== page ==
Unlike Egypt, Iran is one of the wealthiest countries in the world, with oil and gas resources. On Nov. 19, Iran said that it would move ahead with the construction of a $10 billion natural gas pipeline passing through Iraq to reach Syria. Iran had announced this plan in July 2011. It was expected to be delayed due to the unrest in Syria, but Iran has decided to launch the project. If implemented, the pipeline will be a major economic step by Iran to keep Assad in power and maintain its influence in Syria.
The recent outburst of violence in Gaza tested the Iran-Egypt equation and its impact in West Asia. Both countries endorse the Palestinian cause, but their approaches vary. Iran gives military assistance to Hamas and asks other kindred countries to do the same. In contrast, Egypt has played the role of a mediator among all parties, while clearly supporting the Palestinian cause. Morsi's diplomacy has resulted in the recent fragile ceasefire supported by the United States. One of Israel's ceasefire conditions is that Iran should stop sending military assistance to Gaza.
Insisting on the Palestinian need to counter Israeli strikes, Iran will continue to arm Hamas. Iran will not compromise on this count only to achieve a closer friendship with Egypt. A Shia Iran has filled the gap of military and material assistance that the Sunni Hamas did not receive from the Arab world in the past.
But things are changing for Hamas. While its two supporters, Iran and Syria, struggle to maintain Assad's rule, Qatar, a Sunni power centre in the Gulf, has stepped up support for Hamas. Reacting to the 2008 conflict in Gaza, Qatar terminated political relations with Israel while remaining economically connected to Tel Aviv. Ever since, Qatar has sought ways to support Hamas as a way to weaken Israel and to minimize the regional influence of a Shia Iran. After breaking ties with Assad, Hamas has moved its headquarters from Syria to Qatar. With the emergence of the Muslim Brotherhood in Egypt, Hamas has also started receiving more open and diplomatic support from Cairo. For Iran, all this means less influence in the affairs of Hamas, its long-term beneficiary.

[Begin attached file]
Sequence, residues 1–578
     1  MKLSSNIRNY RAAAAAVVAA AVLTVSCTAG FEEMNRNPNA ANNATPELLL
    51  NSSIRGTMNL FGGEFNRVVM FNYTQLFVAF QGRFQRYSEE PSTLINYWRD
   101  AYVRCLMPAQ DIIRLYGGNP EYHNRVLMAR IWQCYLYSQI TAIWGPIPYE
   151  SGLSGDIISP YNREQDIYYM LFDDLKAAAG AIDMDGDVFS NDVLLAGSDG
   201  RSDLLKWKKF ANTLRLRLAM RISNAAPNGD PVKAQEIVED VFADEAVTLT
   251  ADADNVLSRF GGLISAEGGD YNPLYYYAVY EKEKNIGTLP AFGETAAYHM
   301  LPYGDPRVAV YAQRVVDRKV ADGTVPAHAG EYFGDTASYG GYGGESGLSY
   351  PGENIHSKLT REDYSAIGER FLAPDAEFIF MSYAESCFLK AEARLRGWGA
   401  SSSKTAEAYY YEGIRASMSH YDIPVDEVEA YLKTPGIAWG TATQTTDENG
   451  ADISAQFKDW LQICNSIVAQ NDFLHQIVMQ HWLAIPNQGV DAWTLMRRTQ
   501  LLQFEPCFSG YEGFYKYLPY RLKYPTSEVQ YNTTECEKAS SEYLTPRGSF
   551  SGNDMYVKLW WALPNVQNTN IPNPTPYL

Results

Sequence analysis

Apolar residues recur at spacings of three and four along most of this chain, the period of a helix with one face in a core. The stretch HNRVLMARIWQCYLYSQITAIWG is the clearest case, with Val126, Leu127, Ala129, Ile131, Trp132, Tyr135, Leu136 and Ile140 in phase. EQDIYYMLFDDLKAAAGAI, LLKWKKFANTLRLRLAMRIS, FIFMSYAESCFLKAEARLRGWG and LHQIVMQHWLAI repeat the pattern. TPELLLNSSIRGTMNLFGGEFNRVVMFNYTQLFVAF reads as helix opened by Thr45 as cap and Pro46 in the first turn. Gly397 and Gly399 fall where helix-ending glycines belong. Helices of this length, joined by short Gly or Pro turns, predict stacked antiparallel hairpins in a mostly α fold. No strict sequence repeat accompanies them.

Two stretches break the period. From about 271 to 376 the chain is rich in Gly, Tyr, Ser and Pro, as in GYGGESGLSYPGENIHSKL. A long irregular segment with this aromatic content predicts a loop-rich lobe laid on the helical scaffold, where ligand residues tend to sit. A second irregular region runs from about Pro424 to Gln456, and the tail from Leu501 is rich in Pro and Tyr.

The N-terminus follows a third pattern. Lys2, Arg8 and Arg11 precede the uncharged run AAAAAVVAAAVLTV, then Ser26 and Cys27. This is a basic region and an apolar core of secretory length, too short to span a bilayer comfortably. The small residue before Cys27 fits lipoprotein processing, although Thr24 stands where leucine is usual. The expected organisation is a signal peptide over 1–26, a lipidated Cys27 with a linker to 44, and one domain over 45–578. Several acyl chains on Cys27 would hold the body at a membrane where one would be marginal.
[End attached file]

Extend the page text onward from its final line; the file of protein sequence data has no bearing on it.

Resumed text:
So far, while openly opposing Qatar's "dual role" in serving Israeli needs and claiming support for Hamas, Iran has refrained from making similar statements about Morsi's dual role.
What then are Iran's plans in terms of its relations with Egypt?
Iran and Egypt have become the two most important regional powers in MENA. Saudi Arabia remains active behind the scenes, primarily through Qatar. Turkey is fast losing legitimacy as a regional mediator due to its break with Israel and its open antagonism toward Assad's Syria. In this regional matrix, Iran is not looking for either a smooth victory or a quick failure for Egypt's rise in the region. A strong Egypt implies yet another rival to Iran's influence in the region, but a strong Egypt could also, to some extent, challenge the Qatar-Saudi Arabia-U.S.-Israel belt in the region.
A weak Egypt would mean it continues to depend on the West and Israel, with an economy burdened by foreign loans and assistance. A weak Egypt would also be prone to losing legitimacy in the Arab world for its attempts to please all parties without the ability to make on-the-ground changes in the Palestinian situation. A weak Egypt is likely to eventually return to the times of Mubarak, regarded as a regional foe by Iran.
This time around, though, Iran will not want to entirely lose the prospects of a friendship with a strategically situated country like Egypt.
Despite its economic and political challenges, Iran will remain the key regional player in the foreseeable future. It is too early to call Egypt a regional power capable of overcoming Iran's widespread influence.
Azadeh Pourzand is a senior researcher at Gateway House: Indian Council on Global Relations. This article was originally published by Gateway House: gatewayhouse.in.